At first, the processed film was not mounted by Kodak, photographers
were expected to mount their own film. Kodak introduced a projector for
them in February 1937, and Kodak glass slide mounts were introduced in
April 1937. Pressboard mounts were announced on February 1939 as being
standard on all processing effective April 1, 1939.
The Pan American Boeing B314 Clipper NC18602, seen at San Francisco is a nice and rare Kodachrome example in a carboard mount dated as early as 1939, Zoggavia Collection.
Early Kodachrome made in the first few years of production used the date code symbols of Kodak movie film.
TWA Douglas DC-3 NC18945 picured at San Francisco, CA on 17 April 1943, Clinton H. Groves Collection.
Well preserved carboard mount of high quality.
Pan American Worl Airways L-749 N86520 'Clipper America' pictured on arrival from its first 'Round-the-World Service' at San Francisco, CA June 1947, Zoggavia Collection.
"Consent Decree Kodachrome" after June 1954
did all processing on Kodachrome until courts decreed it a monopoly.
Initially, Kodak sold the film and processing together and the customer
paid for both when they bought the film. After the decision, Kodachrome
was sold as film and processing could be done by independent
labratories or by Kodak. After this date, Kodachromes processed by
Kodak say so on the mount.
Swiss Air Lines Douglas DC-6B HB-IBU serviced a Zurich-Kloten airport in summer 1954, Zoggavia Collection.
This change of imprint was made because other labs began offering Kodachrome processing, which previously had only been done by Eastman Kodak.
Nice shot of a TWA L-049 Constellation N86514 during 1956, Zoggavia Collection.
Technicolor labs; a collection of film laboratories across the world owned and run by Technicolor for post-production
services including developing, printing, and transferring films in all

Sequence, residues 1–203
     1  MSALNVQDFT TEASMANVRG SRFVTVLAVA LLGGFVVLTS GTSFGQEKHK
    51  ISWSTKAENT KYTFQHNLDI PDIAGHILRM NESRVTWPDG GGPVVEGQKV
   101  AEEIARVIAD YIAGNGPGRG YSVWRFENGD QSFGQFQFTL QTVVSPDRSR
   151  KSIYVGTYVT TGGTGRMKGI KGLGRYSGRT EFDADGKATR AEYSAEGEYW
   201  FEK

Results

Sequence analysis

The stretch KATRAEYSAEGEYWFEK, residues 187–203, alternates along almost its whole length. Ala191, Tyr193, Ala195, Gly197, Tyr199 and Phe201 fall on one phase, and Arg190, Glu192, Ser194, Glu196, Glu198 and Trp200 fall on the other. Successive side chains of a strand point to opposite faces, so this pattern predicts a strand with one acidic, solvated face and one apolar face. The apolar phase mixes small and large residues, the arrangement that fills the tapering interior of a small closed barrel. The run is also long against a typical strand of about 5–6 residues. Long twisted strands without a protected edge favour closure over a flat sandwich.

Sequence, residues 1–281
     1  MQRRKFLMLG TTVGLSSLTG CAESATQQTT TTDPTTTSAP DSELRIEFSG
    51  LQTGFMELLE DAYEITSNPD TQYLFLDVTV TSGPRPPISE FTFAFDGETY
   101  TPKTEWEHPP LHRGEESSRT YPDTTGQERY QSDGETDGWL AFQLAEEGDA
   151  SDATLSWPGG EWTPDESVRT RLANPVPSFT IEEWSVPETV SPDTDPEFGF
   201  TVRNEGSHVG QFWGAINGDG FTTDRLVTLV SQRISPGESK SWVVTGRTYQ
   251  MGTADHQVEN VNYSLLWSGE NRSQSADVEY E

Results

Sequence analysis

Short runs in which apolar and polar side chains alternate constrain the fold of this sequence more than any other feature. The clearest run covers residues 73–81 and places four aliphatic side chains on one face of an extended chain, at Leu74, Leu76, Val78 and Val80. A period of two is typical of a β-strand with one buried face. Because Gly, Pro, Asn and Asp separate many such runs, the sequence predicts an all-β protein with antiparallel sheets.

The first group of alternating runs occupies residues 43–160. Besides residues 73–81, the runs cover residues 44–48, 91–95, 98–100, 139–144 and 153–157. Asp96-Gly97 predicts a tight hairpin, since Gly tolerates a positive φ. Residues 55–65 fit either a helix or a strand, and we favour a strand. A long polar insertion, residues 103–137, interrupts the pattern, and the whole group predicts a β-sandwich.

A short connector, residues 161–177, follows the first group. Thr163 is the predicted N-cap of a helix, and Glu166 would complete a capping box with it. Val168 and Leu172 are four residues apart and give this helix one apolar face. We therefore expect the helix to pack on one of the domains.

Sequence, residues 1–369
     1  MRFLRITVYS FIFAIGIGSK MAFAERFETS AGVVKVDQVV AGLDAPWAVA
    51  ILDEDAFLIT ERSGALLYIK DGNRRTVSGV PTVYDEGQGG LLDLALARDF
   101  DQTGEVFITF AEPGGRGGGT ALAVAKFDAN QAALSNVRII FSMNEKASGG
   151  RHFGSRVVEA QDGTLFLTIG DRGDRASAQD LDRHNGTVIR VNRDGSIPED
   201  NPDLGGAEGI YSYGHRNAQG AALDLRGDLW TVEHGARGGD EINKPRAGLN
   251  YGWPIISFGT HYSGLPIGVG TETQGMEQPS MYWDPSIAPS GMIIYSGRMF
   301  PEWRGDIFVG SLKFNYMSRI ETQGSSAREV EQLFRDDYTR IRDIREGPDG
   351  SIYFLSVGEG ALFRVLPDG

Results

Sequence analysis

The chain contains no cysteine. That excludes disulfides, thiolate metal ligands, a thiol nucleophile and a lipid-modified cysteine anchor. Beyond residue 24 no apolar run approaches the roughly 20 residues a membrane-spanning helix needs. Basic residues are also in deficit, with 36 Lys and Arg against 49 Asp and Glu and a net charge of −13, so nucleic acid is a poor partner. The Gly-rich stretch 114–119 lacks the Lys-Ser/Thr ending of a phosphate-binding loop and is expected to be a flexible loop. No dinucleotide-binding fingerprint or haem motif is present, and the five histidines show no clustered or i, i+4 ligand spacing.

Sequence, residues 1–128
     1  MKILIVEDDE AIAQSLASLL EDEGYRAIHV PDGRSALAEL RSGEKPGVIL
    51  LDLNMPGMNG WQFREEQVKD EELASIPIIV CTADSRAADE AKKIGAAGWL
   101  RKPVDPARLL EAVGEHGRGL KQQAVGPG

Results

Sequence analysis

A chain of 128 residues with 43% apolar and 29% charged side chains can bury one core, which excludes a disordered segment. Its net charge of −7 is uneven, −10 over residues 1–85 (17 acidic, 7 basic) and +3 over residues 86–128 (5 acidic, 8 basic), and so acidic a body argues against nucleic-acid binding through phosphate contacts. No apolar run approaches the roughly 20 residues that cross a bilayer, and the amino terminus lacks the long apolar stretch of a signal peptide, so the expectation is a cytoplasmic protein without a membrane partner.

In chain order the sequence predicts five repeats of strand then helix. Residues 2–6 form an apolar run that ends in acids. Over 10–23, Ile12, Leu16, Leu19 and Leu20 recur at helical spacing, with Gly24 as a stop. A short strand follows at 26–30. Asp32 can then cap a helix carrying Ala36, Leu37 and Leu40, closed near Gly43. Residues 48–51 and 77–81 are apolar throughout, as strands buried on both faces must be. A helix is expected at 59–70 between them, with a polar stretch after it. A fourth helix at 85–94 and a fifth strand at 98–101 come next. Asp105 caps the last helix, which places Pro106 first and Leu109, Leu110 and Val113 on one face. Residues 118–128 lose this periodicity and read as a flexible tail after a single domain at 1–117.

major developing processes, as well as Technicolor's proprietary ones.
(1922 - present)
Nice shot of Transocean L-1049 N1880 at Oakland, CA November 1958, Clinton H. Groves Collection.
Eastman Kodak brand colors were used the first time, yellow and red corner, the cardboard used to be in natural white.
Airport scene at Amsterdam airport with Connies, DC-7s and DC-3s, Zoggavia Collection.
Kodachrome II film was introduced during 1961, known as may be the best slide film of all times
Example of an unknown processor of Kodachrome slide film. Most probably developed at Hawaii.
Slick L-1049H Super Constellation during a stop on route from the West Coast to the Pacific region. summer 1961, Clinton H. Groves Collection.
Kodak produced the Kodachrome II film in the United Kingdom and also in France to meet European deamnd of the film.
Bristol Br.170 Freighter on a passenger charter to Ronaldsway, Isle of Man, UK, July 1963, Zoggavia Collection.
Technicolor developed Kodachrome slide dated July 1963.
Paradise Airlines L-049 Constellation basking in the Californian sun, July 1963, Clinton H. Groves Collection.
Similar mount and Kodak brand logo like earlier seen.
SP-LVC LOT Vickers Viscount series 700 photographed at Zurich-Kloten, March 1966, Guido E. Bühlmann Collection.